Berkeley SkyDeck spreads culture of entrepreneurship to state capitol

a member of skydeck looks at the camera in a busy work space

Seven companies a year will graduate from Berkeley SkyDeck and begin work in Sacramento under the new partnership. (Berkeley SkyDeck photo by Marla Aufmuth)

Berkeley SkyDeck, UC Berkeley’s flagship startup incubator, will be sending to Sacramento seven of the startups it has graduated in a first-of-its-kind municipal partnership.

The agreement, announced this week, will let the companies, which each must have at least one founder who is an alumna of a University of California campus, get to know the Sacramento area and spread the energy of Berkeley’s entrepreneurs to other parts of the state.

“We are very proud and excited to share our incredible startup companies with a vibrant and nearby city like Sacramento,” said Caroline Winnett, executive director of Berkeley SkyDeck, which launched in 2012 and incubates roughly 20 companies every six months. “We look forward to creating sophisticated, cutting-edge business opportunities to attract talent and bring new jobs (to Sacramento).”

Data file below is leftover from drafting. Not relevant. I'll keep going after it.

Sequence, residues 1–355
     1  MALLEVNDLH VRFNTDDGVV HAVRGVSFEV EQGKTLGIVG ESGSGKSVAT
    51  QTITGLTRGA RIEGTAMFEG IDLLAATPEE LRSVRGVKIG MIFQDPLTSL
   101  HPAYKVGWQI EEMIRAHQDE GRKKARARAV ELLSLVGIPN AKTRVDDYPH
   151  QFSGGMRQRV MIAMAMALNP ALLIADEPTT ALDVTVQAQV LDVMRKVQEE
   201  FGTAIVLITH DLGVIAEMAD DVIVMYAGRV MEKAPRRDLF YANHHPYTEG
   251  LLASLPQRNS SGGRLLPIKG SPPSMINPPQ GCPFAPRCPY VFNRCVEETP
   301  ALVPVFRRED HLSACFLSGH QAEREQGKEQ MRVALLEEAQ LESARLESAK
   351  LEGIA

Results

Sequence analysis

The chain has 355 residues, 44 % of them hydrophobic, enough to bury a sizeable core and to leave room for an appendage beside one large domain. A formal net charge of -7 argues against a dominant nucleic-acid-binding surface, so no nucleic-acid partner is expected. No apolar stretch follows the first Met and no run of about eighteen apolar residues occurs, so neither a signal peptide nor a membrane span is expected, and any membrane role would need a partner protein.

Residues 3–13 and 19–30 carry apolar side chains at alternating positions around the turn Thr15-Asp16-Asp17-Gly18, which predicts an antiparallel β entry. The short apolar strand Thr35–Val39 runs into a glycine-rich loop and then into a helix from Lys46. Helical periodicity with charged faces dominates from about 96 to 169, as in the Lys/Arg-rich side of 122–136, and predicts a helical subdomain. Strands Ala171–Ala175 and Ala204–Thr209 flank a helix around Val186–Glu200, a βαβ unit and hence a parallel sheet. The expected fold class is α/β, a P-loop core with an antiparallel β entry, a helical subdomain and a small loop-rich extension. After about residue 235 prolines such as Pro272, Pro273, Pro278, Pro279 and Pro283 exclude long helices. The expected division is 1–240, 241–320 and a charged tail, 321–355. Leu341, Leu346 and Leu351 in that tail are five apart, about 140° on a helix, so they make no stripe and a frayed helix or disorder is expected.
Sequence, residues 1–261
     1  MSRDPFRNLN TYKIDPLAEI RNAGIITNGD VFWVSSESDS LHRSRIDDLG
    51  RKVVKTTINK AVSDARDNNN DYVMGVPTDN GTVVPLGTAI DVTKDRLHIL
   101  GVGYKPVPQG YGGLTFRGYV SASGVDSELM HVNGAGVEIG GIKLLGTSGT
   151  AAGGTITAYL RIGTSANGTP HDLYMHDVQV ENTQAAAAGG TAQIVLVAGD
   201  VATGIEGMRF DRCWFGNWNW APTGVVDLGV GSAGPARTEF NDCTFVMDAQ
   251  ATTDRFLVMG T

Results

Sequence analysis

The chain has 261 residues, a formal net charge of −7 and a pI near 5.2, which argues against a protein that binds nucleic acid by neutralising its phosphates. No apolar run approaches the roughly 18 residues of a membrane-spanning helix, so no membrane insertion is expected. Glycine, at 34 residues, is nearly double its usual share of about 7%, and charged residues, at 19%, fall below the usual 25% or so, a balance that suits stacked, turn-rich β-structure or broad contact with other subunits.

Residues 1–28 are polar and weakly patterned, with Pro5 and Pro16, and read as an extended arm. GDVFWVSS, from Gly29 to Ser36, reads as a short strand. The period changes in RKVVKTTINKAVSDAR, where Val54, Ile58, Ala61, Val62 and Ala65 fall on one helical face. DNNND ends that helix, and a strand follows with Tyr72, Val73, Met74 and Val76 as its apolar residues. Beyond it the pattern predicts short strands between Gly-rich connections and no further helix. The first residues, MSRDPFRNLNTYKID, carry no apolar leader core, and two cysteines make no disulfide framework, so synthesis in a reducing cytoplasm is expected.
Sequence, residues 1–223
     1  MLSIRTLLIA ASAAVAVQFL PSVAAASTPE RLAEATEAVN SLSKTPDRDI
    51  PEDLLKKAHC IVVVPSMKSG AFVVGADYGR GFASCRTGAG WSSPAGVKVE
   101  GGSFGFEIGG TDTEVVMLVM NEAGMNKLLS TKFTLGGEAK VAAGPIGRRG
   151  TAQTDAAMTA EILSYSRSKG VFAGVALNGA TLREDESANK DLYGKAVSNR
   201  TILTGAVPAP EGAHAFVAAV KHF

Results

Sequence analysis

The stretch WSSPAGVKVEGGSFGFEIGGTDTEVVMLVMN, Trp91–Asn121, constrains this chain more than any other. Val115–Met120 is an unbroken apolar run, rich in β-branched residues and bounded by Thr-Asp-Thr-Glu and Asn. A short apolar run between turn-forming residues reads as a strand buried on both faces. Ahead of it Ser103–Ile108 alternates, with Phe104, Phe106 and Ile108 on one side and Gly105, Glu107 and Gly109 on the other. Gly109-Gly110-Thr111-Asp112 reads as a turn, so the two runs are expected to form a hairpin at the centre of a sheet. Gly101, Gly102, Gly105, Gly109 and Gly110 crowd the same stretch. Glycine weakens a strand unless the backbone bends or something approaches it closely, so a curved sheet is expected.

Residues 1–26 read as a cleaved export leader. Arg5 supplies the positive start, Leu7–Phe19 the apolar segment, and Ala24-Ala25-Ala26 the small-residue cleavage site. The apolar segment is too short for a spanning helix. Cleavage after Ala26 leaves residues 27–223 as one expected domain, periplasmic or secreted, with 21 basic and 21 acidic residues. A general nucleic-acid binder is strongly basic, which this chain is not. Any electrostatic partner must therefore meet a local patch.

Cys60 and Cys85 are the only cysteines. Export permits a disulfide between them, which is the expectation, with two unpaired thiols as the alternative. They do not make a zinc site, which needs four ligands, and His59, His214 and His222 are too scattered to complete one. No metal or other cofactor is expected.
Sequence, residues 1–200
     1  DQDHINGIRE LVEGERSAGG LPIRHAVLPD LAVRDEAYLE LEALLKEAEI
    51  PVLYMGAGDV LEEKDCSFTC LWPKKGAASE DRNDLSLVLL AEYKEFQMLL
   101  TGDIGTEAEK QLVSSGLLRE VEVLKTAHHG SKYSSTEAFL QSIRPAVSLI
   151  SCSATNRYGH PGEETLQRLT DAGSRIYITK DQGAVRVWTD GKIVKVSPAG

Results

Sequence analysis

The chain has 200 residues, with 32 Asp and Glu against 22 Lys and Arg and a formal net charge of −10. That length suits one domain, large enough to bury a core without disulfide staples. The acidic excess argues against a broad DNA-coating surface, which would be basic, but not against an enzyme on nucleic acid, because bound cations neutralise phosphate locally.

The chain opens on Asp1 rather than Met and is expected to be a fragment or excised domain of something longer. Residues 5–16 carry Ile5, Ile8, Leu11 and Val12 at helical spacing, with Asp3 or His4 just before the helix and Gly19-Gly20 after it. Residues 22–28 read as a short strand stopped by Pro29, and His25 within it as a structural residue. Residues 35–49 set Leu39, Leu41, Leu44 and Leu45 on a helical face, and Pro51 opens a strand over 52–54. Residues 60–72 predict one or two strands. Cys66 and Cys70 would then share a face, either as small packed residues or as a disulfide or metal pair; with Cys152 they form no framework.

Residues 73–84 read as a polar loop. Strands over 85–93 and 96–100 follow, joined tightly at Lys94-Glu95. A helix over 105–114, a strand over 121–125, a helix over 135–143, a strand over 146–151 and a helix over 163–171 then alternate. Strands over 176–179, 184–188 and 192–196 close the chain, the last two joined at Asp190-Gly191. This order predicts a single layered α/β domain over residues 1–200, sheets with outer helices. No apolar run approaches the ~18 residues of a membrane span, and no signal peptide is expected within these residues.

The seven companies will be chosen early next year and will work with the Sacramento Urban Technology Lab to connect with potential customers and business partners in the city’s public and private sectors. Companies will also be introduced to the local workforce and get support to navigate the area’s regulation approvals.

The partnership is Sacramento’s first large-scale innovation agreement, according to city officials. Berkeley SkyDeck will continue to funnel seven new startups into Sacramento every year.

“The steady flow of young companies looking to prove their products in our city could eventually pay off with new jobs and new investment in growth industries that could further diversify our economy and provide opportunity for young people growing up in our neighborhoods,” said Sacramento Mayor Darrell Steinberg.

The partnership was made possible in part by a 2017 bill authored by state Democratic Assembly Member Jacqui Irwin that allocated $22 million in state funds to accelerate innovation and entrepreneurship in the UC system. The policy has since supported more than 500 new startups and existing companies and helped launch at least 47 new products.

“Converting science into products that benefit California, whether it’s by launching a new company or pioneering cutting-edge technology, pays dividends many times over for both our local communities and the state as a whole,” said Irwin, a graduate of UC San Diego.